My name is Aquil Tajiddin and I’m a Philadelphia-based, East Coast traveling photographer and digital artist. My interest behind the camera was sparked initially by my love of music and capturing it visually. As I developed my skill, I took the same elements that made for great music and concert photographs and applied them to conceptual art. My work is probably best characterized by stark contrast and unexpected instances of either extreme vibrancy or dullness. In my continued growth, I aim to produce pieces that raise great questions and then tailor their answers to each individual viewer.
Special shoutout to Afro-punk, for which I’m a campus ambassador at Hampton University. This group of students perfectly exemplifies everything that Afro-punk represents: pride in individuality. These students understand that “black” doesn’t have to look a specific way. It doesn’t have to like a specific set of things. Black is diverse, from complexion to culture. It’s not in a clothing label, nor is it in a genre of music and these guys get it. Black isn’t defined or described by ignorance. Being an informed, intellectual, well-rounded individual doesn’t equate “acting white.” Black goes beyond the stereotypes. We are the proof.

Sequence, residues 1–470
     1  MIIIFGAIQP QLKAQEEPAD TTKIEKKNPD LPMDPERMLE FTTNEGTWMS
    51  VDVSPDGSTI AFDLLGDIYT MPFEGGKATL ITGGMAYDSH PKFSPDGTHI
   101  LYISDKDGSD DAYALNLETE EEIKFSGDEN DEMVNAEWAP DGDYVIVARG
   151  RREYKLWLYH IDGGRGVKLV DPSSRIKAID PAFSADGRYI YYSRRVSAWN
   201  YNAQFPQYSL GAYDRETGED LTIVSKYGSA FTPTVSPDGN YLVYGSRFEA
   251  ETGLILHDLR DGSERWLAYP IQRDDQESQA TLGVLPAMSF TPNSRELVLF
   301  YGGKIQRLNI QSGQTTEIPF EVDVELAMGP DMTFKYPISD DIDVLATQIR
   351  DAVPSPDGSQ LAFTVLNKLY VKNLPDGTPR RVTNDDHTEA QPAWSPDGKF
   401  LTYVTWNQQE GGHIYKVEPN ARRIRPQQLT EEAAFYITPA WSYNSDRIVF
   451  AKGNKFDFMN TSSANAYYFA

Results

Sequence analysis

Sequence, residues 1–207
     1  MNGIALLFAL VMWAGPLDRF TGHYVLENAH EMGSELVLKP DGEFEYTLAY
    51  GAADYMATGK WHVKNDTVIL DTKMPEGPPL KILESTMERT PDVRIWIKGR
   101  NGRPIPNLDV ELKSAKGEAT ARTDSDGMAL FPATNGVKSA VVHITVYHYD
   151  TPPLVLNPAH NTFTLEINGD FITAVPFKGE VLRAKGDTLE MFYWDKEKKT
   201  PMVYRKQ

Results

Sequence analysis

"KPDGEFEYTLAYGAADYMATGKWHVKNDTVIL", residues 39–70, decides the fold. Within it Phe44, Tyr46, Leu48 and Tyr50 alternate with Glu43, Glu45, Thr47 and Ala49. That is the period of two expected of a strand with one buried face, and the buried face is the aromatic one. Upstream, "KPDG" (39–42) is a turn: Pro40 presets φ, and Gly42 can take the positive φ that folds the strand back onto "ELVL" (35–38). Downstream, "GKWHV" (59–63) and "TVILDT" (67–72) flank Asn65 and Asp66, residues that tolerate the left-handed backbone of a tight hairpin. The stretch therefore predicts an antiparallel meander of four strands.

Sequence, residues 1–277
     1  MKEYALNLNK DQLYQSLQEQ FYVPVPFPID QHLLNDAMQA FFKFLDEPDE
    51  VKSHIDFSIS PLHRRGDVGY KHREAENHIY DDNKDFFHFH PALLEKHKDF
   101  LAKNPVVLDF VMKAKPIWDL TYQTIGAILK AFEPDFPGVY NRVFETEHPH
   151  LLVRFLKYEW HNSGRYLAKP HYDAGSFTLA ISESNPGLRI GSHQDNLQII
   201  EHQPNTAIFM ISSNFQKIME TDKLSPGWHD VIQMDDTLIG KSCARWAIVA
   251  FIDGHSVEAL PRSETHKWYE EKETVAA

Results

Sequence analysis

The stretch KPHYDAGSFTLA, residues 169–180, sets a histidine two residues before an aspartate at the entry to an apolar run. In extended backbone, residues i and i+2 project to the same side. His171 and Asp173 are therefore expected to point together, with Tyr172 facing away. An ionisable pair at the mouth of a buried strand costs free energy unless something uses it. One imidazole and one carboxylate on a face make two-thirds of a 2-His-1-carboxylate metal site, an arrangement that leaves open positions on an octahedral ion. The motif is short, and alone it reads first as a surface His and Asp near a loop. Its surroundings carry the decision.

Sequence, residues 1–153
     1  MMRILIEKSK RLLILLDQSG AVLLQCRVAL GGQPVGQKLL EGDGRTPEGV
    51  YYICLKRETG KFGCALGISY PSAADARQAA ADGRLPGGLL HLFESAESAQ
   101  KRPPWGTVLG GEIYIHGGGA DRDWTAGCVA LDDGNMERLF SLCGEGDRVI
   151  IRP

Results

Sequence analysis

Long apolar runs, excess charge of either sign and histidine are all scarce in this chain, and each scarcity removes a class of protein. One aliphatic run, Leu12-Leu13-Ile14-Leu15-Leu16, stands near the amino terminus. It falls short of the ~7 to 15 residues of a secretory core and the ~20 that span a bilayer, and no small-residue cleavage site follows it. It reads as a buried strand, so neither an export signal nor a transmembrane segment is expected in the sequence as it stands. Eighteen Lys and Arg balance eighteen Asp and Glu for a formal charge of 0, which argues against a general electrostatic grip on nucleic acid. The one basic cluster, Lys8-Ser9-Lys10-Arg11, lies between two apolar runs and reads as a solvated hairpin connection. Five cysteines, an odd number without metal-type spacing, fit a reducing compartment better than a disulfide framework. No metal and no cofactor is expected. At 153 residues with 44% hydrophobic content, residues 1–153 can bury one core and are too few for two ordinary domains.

These students have interests that are not centered around what is widely accepted as “black culture.” At an HBCU, these six are fearless in their self-expression. What they like is what they like, be it rock, rap, or electronic dance music, urban fashion, high fashion, or skatewear. Put simply, these young men and women are Afro-punk and it was a pleasure to shoot them.
Thank you all.
In order of appearance: Veronica, Cameron, Paige, Shakari, Felecia, Jamaal.
Follow them on twitter: @verocakes_, @Cam_Major, @paige_mariah, @TRAKGIRL, @FeleciaGenet, @iAmMrRoc.
Also check out Afro-punk on Facebook and Twitter for more information: facebook.com/afropunk, @afropunk.